The US State Department has decided that it is ‘too risky’ to allow us our freedom to travel to North Korea (DPRK), and accordingly is outright forbidding US citizens from traveling there.
Prior to this ban, there were no restrictions on visiting, and North Korea eagerly welcomed US visitors, with a trivially simple visa application process and nothing more.
The US is the only country in the world to prohibit travel to North Korea – even South Korea allows its citizens to travel to North Korea. And North Korea is the only country in the world to which the US has outright banned all travel.
Ostensibly this ban is in response to US citizen Otto Warmbier having become mysteriously unwell while imprisoned in North Korea, and dying shortly after being repatriated to the US on humanitarian grounds as a result of his illness.
That was indeed a terrible event and outcome. But how severe is the risk of arbitrary imprisonment, and followed by death, for ordinary tourists, and how does that risk compare to other destinations in the world, or to remaining ‘safely’ in the US itself?
Unlike most people with loud opinions on the topic, I’ve actually been to North Korea. I took a group of 35 Travel Insiders on a six day/five night tour of North Korea in September 2012.
You can see a detailed photo-journal of our North Korean experiences here, and some general questions and answers about North Korea here. If you read those two documents, you’ll know more – and more accurately – about the country than most of our ‘experts’.
And – again unlike most commentators – I’ve no hidden agenda. Sure, I’m no expert, but who is? My guess is that 99% of the people who claim to be experts on North Korea have never been there, so maybe, by their standards if not mine, that makes me an expert of sorts. Most of the others are people who have left North Korea and now seek to dine out on their one-sided stories of life in North Korea, becoming part of the profitable ‘let’s hate North Korea’ community.
I should add that I also don’t wish to be seen as a North Korean apologist. Those people definitely exist, and their tales of the ‘paradise’ of North Korea and its ‘well fed affluent citizenry’ are at least as ridiculous as those who vilify the country, its people and its leaders.
But I do want to ‘set the record straight’ and counter some of the ridiculous and hypocritical nonsense that is regularly regurgitated as if it is certain fact, and which ignores the context that, as bad as it certainly is, North Korea is no worse than dozens of other countries all around the world.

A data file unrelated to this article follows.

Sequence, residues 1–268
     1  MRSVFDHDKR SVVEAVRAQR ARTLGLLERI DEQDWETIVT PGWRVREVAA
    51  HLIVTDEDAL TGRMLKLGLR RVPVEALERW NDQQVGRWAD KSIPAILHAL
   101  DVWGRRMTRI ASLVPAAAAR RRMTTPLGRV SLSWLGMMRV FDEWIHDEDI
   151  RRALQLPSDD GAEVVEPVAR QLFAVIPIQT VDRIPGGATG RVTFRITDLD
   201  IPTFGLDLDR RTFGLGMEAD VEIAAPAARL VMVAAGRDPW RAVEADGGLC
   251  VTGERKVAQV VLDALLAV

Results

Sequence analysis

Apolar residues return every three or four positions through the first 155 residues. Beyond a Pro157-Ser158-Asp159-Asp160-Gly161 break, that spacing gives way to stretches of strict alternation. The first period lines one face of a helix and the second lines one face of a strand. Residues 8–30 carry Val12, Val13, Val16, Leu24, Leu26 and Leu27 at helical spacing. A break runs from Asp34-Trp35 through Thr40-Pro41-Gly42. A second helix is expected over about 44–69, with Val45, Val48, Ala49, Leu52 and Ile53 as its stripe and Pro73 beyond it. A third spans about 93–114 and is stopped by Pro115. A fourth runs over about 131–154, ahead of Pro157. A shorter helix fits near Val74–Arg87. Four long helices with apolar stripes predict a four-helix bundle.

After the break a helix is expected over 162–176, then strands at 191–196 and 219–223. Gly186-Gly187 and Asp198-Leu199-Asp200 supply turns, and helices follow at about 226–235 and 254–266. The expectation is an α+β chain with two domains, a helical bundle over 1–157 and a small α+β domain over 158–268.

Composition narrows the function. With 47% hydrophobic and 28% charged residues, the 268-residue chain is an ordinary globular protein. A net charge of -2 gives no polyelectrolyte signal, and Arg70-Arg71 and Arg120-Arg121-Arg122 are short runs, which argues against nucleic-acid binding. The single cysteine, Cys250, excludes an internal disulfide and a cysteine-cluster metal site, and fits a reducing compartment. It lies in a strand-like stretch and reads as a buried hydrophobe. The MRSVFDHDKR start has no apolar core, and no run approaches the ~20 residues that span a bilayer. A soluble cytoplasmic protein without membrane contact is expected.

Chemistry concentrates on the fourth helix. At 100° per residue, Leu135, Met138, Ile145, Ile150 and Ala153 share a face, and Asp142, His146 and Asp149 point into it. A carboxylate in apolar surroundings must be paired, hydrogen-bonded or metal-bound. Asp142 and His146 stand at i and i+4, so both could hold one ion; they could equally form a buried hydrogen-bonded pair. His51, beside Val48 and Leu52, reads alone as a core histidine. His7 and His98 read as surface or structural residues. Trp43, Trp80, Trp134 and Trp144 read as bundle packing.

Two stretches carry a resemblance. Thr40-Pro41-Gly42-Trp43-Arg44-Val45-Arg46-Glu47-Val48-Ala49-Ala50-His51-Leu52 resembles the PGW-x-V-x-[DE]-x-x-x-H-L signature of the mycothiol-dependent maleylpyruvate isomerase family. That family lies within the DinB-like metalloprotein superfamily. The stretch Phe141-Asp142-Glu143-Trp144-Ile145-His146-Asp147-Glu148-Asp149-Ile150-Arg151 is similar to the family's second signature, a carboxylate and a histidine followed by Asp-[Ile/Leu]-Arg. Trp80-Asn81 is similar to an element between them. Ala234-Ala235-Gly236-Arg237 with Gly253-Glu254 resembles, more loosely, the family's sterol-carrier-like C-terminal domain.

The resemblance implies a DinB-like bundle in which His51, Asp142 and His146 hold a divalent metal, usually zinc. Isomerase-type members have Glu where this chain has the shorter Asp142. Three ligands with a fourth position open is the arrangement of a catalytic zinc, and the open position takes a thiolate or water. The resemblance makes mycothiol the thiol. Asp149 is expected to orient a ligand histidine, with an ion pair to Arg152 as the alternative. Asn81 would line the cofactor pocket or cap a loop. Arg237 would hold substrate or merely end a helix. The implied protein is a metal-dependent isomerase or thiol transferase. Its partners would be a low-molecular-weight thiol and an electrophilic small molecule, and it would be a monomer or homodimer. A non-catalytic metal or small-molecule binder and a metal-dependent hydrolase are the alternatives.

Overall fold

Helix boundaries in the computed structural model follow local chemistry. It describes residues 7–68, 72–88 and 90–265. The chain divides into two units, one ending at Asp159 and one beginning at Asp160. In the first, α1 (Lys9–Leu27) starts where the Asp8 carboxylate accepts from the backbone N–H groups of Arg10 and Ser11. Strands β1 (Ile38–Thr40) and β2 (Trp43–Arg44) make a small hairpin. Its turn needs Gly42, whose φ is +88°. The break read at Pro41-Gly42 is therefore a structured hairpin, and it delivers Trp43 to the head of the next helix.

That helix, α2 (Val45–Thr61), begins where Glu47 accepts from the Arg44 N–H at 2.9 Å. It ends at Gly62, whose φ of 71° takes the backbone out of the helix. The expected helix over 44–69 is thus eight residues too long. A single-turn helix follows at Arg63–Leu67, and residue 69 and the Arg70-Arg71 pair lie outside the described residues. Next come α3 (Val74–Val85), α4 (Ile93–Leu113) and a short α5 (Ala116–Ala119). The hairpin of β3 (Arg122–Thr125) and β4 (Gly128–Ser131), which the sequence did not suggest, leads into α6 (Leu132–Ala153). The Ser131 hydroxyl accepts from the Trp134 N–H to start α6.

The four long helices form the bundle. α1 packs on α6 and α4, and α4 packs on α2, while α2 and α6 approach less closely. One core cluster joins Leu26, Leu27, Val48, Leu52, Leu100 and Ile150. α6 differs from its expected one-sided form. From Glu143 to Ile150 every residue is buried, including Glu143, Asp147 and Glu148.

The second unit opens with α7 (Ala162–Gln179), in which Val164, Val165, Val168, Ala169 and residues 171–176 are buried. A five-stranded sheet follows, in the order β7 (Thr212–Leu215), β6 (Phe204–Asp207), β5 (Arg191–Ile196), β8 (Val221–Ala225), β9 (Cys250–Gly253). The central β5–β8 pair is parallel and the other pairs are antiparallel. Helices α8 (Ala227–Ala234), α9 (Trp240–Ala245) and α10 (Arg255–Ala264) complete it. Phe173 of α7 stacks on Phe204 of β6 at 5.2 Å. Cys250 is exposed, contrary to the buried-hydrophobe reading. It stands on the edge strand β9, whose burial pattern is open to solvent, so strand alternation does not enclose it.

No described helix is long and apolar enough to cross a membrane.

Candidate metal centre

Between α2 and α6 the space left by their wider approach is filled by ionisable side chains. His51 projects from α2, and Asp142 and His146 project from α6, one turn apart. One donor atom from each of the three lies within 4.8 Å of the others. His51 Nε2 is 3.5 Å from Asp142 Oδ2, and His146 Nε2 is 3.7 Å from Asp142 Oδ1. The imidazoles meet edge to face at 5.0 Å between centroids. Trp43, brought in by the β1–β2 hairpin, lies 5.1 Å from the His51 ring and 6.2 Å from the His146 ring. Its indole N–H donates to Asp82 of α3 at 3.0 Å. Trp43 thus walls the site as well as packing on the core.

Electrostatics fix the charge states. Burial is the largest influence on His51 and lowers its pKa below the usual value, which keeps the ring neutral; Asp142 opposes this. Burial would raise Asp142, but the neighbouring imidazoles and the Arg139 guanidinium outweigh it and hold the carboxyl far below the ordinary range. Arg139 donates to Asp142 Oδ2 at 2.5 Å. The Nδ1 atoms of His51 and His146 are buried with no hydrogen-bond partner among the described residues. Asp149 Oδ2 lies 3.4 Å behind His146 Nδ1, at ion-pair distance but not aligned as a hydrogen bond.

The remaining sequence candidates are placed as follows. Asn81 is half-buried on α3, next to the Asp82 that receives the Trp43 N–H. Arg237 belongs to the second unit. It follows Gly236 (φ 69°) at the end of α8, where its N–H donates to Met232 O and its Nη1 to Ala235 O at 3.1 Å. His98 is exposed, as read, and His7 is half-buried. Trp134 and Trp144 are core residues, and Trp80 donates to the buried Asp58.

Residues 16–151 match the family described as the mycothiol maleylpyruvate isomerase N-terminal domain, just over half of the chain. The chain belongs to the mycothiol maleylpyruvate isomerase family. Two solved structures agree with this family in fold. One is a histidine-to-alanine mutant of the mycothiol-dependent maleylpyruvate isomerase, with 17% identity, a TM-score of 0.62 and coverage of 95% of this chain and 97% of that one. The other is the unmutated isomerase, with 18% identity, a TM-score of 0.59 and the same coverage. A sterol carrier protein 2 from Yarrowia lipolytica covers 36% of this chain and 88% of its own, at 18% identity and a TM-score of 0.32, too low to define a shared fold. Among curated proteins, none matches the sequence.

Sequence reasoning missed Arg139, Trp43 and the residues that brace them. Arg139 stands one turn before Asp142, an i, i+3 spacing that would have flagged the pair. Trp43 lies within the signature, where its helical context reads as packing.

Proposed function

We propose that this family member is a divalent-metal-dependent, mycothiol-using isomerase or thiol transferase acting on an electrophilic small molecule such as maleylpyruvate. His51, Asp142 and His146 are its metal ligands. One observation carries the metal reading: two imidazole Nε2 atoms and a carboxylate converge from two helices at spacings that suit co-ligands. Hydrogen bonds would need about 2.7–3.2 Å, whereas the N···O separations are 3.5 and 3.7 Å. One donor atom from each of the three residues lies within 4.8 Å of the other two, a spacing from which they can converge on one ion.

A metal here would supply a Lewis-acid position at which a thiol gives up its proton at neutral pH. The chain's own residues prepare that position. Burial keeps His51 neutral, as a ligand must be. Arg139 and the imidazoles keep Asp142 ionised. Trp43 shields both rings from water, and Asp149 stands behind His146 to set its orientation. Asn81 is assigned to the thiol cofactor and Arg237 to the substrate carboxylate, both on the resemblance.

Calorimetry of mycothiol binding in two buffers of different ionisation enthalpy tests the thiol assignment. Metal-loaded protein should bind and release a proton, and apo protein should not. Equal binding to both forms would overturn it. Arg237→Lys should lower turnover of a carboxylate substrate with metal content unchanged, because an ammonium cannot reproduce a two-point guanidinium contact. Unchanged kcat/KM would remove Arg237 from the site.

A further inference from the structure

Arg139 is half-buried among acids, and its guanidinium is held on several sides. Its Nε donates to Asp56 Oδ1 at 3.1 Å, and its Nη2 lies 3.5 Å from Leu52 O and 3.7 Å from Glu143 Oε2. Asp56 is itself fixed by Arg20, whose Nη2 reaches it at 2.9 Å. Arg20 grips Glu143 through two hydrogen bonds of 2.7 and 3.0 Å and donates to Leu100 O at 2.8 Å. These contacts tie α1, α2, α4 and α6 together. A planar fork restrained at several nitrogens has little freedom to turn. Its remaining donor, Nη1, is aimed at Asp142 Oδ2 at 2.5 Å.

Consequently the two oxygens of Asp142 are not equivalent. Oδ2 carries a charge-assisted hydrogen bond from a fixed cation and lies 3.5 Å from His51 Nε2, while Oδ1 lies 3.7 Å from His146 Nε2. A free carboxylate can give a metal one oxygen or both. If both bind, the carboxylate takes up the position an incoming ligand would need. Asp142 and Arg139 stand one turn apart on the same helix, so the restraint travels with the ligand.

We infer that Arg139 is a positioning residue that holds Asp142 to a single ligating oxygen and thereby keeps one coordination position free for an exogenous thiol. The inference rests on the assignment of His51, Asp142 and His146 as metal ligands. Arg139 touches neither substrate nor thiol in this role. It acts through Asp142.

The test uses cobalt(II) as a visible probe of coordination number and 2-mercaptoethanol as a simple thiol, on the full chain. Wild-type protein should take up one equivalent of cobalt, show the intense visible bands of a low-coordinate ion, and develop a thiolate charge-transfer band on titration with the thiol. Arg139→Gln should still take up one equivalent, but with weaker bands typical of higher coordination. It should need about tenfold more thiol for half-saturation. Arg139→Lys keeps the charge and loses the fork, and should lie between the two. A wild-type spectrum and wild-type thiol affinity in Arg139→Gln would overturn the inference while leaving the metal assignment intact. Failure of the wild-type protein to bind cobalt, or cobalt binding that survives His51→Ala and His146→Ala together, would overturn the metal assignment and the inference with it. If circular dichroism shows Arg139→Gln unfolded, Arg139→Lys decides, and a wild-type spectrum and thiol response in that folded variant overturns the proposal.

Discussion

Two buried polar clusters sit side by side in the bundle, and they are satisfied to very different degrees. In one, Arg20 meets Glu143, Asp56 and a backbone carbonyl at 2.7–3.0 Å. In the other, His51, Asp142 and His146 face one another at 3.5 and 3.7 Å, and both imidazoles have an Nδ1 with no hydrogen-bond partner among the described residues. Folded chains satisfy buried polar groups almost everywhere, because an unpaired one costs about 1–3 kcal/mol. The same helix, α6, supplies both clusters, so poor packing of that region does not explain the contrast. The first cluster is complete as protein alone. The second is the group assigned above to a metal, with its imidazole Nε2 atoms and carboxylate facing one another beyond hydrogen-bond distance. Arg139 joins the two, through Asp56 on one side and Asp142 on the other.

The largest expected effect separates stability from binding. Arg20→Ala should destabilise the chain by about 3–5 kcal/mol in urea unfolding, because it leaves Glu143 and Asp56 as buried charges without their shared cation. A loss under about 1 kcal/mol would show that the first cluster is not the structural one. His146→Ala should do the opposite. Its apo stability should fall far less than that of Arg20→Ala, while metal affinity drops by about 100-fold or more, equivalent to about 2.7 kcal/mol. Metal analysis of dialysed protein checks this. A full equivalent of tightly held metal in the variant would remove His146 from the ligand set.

Let’s look at the reasons for the ban first, and then some broader implications and issues.
Are North Korean Prisons Unusually Bad?
I happily have no first-hand knowledge of North Korean prisons, and I’ll readily concede they are probably very nasty places. But this is something common to many other countries for which there are no restrictions on our travel.
Midnight Express makes the point quite clearly about Turkey, and our neighbor, Mexico, apparently has prisons that are unimaginably bad, lawless, and dangerous (for example this and this account) as well as both the police and justice system which by some accounts suffer from significant levels of corruption. Similar prison problems and corruption probably apply to most third world countries, and to major developed nations too – here’s a blood curdling tale of one American’s struggle against Russian corruption and the lethal consequences that ensued.
US prisons aren’t exactly luxury resorts, either. Sure, we don’t expect our prisoners to experience unusual comfort, but we are obliged to afford them the basic courtesies of life, support and sustenance.
Never mind the one death in the North Korean prison. How many Americans die in US prisons each year? The answer – we don’t even know! (A cynic might observe there’s probably a reason that this number is obscured.)
It seems that not only do thousands of people die in US prisons and jails each year, but also that 75% of them die before they’ve even been tried and sentenced. While some of these deaths are for conditions that predate the person’s incarceration, there are abundant shameful stories of people being remanded in custody – prior to trial and sometimes even prior to being arraigned – and having critical medical conditions ignored and being denied treatment. Is it fair that a person not yet charged, tried, convicted or sentenced should risk a death sentence?